26th Aug 2001, 06:16

If you want to change your fuel pump, do it yourself. The pump is about 200$ and it is probably the in-tank type, so it's easy to change. My fuel pump started failing as well on my 89 Chrysler (very similar) and the symptoms were that the car would have trouble starting - finally it wouldn't start, period. I had to tow it to the nearest garage and have them change it, because I couldn't do it on the side of the road. As it turned out later, the new pump started behaving in the same way. The real problem? A 50 cent electrical plug connected to the fuel pump would disconnect thus causing the pump to stop responding. Basically, my old fuel pump was good and the mechanics ripped me off big time. Check your wiring on the pump before you change it, as this might be the problem (if indeed it is your fuel pump that causes all your trouble).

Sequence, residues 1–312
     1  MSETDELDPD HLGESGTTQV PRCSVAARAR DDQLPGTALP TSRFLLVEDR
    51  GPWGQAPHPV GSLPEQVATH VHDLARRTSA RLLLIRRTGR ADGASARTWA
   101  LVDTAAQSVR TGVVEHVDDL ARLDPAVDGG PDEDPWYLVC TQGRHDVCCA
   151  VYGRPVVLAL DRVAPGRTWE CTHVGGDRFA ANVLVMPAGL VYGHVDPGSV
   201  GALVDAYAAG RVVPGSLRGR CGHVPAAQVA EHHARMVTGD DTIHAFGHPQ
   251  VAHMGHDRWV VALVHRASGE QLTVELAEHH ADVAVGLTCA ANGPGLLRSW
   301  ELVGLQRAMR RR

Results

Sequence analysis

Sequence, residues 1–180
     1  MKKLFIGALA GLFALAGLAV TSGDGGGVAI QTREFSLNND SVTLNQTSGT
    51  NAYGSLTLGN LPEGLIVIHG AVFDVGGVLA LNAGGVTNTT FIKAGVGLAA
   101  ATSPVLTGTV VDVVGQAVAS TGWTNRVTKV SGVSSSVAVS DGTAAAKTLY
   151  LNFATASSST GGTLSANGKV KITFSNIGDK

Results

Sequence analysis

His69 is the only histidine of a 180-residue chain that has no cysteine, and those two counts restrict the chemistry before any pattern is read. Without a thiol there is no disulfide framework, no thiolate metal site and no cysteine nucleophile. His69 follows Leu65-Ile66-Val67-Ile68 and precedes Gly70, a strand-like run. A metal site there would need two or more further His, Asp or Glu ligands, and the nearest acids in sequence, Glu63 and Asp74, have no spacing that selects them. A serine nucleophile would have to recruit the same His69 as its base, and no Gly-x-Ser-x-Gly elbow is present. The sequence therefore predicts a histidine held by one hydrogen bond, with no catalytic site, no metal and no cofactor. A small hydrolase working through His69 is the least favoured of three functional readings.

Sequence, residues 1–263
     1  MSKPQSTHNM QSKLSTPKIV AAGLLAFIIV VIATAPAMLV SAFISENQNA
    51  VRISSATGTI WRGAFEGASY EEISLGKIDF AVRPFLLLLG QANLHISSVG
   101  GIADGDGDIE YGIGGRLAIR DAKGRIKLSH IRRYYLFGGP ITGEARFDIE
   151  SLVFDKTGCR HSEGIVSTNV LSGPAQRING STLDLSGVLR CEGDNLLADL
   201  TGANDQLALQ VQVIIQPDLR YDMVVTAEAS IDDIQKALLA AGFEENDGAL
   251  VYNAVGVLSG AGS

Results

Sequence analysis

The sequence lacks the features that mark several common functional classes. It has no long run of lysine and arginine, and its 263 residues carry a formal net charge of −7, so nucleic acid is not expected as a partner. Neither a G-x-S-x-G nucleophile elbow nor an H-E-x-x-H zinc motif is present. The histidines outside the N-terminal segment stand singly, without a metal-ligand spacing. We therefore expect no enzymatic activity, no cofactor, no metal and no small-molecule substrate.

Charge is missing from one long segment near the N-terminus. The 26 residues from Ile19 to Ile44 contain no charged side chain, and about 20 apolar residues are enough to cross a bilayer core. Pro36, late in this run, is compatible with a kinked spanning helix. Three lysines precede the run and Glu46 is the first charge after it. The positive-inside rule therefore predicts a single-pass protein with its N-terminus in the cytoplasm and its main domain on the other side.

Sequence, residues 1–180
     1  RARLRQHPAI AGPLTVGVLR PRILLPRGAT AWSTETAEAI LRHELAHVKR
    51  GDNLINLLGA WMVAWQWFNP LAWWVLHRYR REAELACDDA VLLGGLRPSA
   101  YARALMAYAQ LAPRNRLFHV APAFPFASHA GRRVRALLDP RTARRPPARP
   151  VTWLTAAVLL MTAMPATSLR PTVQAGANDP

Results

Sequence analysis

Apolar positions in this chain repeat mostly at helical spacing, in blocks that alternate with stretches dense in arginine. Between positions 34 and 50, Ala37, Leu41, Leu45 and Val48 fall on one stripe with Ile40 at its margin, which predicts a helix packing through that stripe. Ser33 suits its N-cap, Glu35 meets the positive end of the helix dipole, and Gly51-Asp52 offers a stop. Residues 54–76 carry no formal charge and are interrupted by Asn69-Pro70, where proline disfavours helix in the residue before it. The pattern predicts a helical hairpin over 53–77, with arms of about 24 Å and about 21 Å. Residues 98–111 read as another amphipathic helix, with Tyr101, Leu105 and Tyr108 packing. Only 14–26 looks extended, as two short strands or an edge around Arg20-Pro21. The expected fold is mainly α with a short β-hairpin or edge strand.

2nd Oct 2002, 11:13

I was reading one of the comments about the fuel pomp problem. Since I have the same problem on my 1992 Voyager, I was hoping someone could tell me which electrical plug was the problem.


16th Oct 2002, 15:12

The problem connector is located on top of the fuel tank and cannot be easily checked. The fuel tank must be removed to fix this problem. Most failures occur from an improper installation of the tank which can pinch the connector. This job can be tedious and if done at home, will require 2 or more people. Good luck!

9th Apr 2004, 02:39

The tire wobble problem is probably the CV joints, since it is so speed specific, it points to them (usually for this problem, it is one of the inner joints) If they haven't been replaced yet, I can almost garentee one of the boots is bad, thus that joint is dry and has worn.